Well, well, well. Sometimes a short-term budget fix looks pretty darned good. Barack Obama, who had earlier criticized Republicans for offering a short-term fix for the debt ceiling, now wants a short-term fix for the sequester:
APNewsAlert WASHINGTON (AP) – AP source: Obama to ask for short-term budget fix to delayacross-the-board automatic cuts.
— Mike Allen (@mikeallen) February 5, 2013
So far, we’re not seeing any details, but David Freddoso believes this shows “Maneuver X” is working:
Maneuver X seems to be working: AP says Obama wants to delay the sequester.
— David Freddoso (@freddoso) February 5, 2013
Philip Klein explained this strategy three weeks ago:
Consider, then, “Maneuver X.” As modified to fit the current political environment, it would mean that Republicans remove all pressure. They should give Obama his debt limit increases without preconditions, and they shouldn’t allow any government shutdowns.
Meanwhile, Republicans should use their majority in the House to pass bills that actually do address the nation’s problems — its economic stagnation, rising energy and health care costs, mounting debt and so on. At the same time, they can keep blocking major new expansions of government.
This two-pronged strategy would allow Republicans to isolate Obama and establish themselves as the responsible ones. If he refuses to get serious about addressing the nation’s debt problem, it will be a lot harder to escape responsibility if he can’t point and say, “Hey, look over there, House Republicans want to blow stuff up.”
In the unlikely event that this forces Obama to get serious about tackling the national debt, great. But if he doesn’t, Obama’s legacy will be that of a president who came into office promising to make the “tough choices” necessary to solve our nation’s problems, then proceeded to duck them. Meanwhile, Republicans will have laid out their own vision, and their candidates will have a stronger case to make in 2014 and 2016.
We’ll see whether that plays out in this scenario. More details as they come.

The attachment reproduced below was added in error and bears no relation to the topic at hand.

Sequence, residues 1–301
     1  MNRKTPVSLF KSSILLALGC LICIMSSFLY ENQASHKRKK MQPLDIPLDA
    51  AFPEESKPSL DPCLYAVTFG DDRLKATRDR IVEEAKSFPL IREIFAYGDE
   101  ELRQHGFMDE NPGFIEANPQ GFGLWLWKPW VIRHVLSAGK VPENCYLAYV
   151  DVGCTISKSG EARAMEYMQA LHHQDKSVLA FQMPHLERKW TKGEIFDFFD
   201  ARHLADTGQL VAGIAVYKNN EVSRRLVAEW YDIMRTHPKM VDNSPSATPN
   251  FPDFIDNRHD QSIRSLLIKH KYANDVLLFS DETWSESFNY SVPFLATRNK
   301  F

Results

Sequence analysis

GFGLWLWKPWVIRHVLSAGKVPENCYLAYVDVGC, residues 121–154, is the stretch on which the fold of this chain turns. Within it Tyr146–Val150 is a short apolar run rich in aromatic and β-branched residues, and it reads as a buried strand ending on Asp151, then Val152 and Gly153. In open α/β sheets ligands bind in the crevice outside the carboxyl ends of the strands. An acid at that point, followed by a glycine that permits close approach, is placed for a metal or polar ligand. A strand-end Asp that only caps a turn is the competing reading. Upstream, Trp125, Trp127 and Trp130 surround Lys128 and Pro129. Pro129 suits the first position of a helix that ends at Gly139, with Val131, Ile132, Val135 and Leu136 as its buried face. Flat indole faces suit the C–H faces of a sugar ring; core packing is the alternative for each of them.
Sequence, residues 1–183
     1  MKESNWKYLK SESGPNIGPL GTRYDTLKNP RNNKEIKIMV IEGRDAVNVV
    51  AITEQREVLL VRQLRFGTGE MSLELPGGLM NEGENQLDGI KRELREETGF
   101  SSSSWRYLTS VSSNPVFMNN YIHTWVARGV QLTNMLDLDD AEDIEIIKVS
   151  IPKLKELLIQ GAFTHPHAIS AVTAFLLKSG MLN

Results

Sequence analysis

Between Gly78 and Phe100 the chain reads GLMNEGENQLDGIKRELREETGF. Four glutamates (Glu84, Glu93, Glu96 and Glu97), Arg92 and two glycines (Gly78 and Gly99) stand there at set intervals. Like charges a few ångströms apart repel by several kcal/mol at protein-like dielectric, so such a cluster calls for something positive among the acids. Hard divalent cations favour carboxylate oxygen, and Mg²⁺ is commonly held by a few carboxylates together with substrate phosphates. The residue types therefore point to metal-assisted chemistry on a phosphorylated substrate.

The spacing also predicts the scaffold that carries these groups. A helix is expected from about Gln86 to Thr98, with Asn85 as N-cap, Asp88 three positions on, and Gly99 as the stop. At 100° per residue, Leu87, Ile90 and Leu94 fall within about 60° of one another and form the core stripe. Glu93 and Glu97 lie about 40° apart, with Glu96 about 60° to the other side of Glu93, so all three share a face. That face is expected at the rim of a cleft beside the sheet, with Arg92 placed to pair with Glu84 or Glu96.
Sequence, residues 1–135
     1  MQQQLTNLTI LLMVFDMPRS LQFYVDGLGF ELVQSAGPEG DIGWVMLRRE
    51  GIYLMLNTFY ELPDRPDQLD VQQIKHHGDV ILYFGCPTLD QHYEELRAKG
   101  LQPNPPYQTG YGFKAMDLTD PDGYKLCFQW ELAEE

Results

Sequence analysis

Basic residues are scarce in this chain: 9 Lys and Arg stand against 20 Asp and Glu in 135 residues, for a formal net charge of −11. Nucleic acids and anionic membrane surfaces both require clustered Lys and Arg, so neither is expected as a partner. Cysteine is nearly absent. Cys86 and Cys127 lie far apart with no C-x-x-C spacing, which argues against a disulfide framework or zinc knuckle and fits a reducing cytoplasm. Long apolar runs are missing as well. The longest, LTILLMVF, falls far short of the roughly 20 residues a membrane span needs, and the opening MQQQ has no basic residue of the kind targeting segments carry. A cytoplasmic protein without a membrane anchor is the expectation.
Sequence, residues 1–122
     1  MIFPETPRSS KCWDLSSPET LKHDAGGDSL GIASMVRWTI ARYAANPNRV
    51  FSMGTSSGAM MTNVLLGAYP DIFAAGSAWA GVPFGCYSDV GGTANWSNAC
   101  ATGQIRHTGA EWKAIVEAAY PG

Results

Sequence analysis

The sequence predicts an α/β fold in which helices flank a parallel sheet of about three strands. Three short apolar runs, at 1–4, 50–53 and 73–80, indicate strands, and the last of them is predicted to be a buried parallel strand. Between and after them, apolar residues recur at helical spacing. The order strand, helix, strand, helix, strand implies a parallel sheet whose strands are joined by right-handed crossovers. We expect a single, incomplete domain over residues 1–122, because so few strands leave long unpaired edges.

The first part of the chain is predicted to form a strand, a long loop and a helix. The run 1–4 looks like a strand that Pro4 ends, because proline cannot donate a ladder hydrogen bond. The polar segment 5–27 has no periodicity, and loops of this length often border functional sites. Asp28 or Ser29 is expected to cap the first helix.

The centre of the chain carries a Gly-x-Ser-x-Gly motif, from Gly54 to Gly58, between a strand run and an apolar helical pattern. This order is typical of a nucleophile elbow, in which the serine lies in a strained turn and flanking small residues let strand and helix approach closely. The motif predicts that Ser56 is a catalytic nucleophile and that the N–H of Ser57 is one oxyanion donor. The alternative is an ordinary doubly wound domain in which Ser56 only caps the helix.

Update: The Huffington Post has a little more detail, emphasis mine:
White House officials say President Barack Obama will ask Congress to come up with tens of billions of dollars in short-term spending cuts and tax revenue to put off the automatic across the board cuts that are scheduled to kick in March 1.
Obama will make his request Tuesday afternoon in a public statement at the White House.
Well, the tax revenue won’t be forthcoming. Republicans already gave Obama tax revenue in January, and unlike at that time, the pressure is now on the White House. In January, tax hikes were coming without any other action. Now, spending cuts will happen without any other action. That’s what’s known as leverage, which Obama seemed to enjoy when he had it six weeks ago.
John Boehner said earlier today that they’re waiting for Obama to make the House an offer:
House Speaker John Boehner on Tuesday urged President Barack Obama to offer ideas to replace the looming, automatic budget cuts known as the sequester. Speaking to reporters on Capitol Hill, Boehner said the House has passed legislation to replace the cuts due to take effect on March 1. About $85 billion in cuts would start on March 1 without congressional action. Leaders of both parties approved the sequester, which was included in the Budget Control Act of 2011 that passed both the House and Senate.
And the sequester was Obama’s idea in the first place.